Night two of Merge 25 was upon us, and after last night's cushy seated gig it was time for a long evening of standing on the cement Cat's Cradle floors. Let's do this.
I got in the club just before the Clientele got started, and in my usual way wormed my way near the front amid a sea of photographers and three videographers with serious professional rigs. Why all three of them were basically filming from the same angle is beyond me, but they're the pros and I'm sure they know what they're doing. I wouldn't call myself a superfan, but this was one of the bands I was most excited about. Why? I couldn't say exactly, but probably some combination of their somber jazz pop sounding really good to my ears these days, combined with the fact that I've only seen the band a couple of times so there was a certain novelty to their performance as opposed to someone like Superchunk who I've seen tons. Is it weird that I think of them as a British Sea & Cake? It's not an exact match, but they're mining the same vein. The band is both fantastically smooth and smoothly fantastic, and the only thing that would have made it better is if they had played "Rain." I picked up the recent reissue of their classic "Suburban Light" when I left the club later that night.
Next up was the Rock*A*Teens. I'm 98% certain I saw these cats a few times back in the late nineties, be it opening for someone like Superchunk or at the old Kings or something along those lines. They never really moved the needle for me back then, and I was interested to see how I would react to them this go around. The verdict: while still not my favorite band in the world, I was definitely feeling it more than in the past. They have a ramshackle, jangly garage pop vibe to them, a little sloppy but I'm not sure that is particularly important to a band like this. There were a number of sound issues, most seemingly from the house and not the band, but the Rock*A*Teens plowed through without a care in the world. I might need to go back and revisit their old records now.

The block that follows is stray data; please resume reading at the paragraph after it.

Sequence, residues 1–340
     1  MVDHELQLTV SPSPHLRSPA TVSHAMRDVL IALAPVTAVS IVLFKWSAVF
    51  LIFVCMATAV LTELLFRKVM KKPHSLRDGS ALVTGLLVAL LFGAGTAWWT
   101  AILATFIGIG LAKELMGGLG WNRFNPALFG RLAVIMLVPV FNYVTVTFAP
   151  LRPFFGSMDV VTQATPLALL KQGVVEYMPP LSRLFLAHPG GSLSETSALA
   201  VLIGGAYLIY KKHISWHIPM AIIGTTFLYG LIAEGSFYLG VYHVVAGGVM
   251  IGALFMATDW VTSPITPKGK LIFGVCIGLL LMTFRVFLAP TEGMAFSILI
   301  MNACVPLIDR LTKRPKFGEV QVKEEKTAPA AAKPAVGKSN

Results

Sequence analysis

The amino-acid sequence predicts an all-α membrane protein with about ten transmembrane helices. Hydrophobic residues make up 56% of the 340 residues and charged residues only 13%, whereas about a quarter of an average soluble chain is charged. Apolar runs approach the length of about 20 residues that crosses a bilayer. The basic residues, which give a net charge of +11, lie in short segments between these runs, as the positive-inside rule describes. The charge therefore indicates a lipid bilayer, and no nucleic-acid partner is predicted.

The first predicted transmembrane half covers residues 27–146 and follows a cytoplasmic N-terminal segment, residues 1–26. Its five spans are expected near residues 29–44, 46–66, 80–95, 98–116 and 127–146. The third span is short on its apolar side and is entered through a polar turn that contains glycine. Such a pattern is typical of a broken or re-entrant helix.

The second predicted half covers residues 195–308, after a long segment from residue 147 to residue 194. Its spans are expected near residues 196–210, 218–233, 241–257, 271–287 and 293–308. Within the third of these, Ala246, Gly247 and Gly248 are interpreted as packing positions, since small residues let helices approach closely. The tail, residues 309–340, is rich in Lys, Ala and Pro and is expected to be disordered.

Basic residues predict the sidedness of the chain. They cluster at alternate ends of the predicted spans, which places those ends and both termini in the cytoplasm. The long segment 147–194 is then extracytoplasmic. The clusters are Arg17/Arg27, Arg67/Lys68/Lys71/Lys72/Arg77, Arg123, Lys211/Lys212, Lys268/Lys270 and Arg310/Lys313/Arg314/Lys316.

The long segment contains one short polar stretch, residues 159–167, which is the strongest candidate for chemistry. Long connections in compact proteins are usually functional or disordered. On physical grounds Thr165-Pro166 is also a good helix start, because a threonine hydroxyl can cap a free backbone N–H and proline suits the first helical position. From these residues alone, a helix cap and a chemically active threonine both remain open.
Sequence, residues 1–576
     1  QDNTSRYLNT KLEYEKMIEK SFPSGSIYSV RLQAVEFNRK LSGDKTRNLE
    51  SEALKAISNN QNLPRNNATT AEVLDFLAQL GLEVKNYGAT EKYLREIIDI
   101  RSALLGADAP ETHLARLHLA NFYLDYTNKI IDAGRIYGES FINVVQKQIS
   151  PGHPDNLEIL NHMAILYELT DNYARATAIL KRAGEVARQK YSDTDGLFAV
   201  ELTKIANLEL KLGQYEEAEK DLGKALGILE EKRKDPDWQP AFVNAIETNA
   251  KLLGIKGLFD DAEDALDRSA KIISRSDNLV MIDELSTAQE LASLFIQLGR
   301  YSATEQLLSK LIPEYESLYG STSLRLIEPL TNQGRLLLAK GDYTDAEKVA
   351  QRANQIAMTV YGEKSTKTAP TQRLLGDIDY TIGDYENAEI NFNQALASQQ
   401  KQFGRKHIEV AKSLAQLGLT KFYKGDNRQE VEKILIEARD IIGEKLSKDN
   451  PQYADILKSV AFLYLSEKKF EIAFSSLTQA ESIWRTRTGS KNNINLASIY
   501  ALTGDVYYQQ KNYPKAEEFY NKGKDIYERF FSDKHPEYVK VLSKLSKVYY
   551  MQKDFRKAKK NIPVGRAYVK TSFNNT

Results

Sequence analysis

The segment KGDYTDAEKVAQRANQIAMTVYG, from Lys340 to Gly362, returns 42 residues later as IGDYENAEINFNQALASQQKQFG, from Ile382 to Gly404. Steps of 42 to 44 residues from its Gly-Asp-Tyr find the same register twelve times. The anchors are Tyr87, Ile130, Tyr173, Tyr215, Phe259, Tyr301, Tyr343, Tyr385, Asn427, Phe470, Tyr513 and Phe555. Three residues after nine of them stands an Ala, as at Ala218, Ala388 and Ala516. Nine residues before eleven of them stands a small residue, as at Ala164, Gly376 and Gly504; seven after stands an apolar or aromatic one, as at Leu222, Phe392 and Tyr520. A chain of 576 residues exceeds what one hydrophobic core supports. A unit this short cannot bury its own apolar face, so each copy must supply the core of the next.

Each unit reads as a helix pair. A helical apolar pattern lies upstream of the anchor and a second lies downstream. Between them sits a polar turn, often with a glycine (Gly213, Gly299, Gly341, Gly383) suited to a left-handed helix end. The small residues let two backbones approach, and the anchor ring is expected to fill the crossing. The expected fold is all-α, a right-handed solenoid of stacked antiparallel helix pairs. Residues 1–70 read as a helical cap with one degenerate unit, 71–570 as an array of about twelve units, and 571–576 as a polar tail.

Speaking of sound problems, Reigning Sound also seemed to have no shortage of them. Greg broke a guitar string early in the set and after changing it he just never seemed to get the guitar tuned back to his liking. My musically stupid ears couldn't hear anything wrong, but then again I thought the music sounded fine when he was just playing five strings before he changed the broken one. The band just released a new record called "Shattered" and played a number of tracks off of it, as well as some classics like "Stop and Think It Over," "Debris," "I'll Cry," and probably the best song they've ever written "Drowning." Despite the difficulties I very much enjoyed the show, as I do with any Reigning Sound show. So stoked they're on Merge now.